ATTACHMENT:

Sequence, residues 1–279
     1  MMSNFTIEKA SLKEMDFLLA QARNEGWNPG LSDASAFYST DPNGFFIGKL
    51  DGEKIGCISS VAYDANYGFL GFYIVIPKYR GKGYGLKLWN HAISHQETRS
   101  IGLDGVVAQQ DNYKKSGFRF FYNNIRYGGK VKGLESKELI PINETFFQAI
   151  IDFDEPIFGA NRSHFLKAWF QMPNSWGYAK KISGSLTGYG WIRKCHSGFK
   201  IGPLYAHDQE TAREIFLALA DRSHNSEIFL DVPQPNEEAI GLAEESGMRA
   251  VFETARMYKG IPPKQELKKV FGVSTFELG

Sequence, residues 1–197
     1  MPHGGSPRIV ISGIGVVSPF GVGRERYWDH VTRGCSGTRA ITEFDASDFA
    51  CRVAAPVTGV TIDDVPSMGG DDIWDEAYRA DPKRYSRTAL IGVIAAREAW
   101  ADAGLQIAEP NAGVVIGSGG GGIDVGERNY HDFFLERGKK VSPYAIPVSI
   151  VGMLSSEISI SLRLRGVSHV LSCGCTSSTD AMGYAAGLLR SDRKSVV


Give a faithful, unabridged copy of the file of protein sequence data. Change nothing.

Sequence, residues 1–279
     1  MMSNFTIEKA SLKEMDFLLA QARNEGWNPG LSDASAFYST DPNGFFIGKL
    51  DGEKIGCISS VAYDANYGFL GFYIVIPKYR GKGYGLKLWN HAISHQETRS
   101  IGLDGVVAQQ DNYKKSGFRF FYNNIRYGGK VKGLESKELI PINETFFQAI
   151  IDFDEPIFGA NRSHFLKAWF QMPNSWGYAK KISGSLTGYG WIRKCHSGFK
   201  IGPLYAHDQE TAREIFLALA DRSHNSEIFL DVPQPNEEAI GLAEESGMRA
   251  VFETARMYKG IPPKQELKKV FGVSTFELG

Sequence, residues 1–197
     1  MPHGGSPRIV ISGIGVVSPF GVGRERYWDH VTRGCSGTRA ITEFDASDFA
    51  CRVAAPVTGV TIDDVPSMGG DDIWDEAYRA DPKRYSRTAL IGVIAAREAW
   101  ADAGLQIAEP NAGVVIGSGG GGIDVGERNY HDFFLERGKK VSPYAIPVSI
   151  VGMLSSEISI SLRLRGVSHV LSCGCTSSTD AMGYAAGLLR SDRKSVV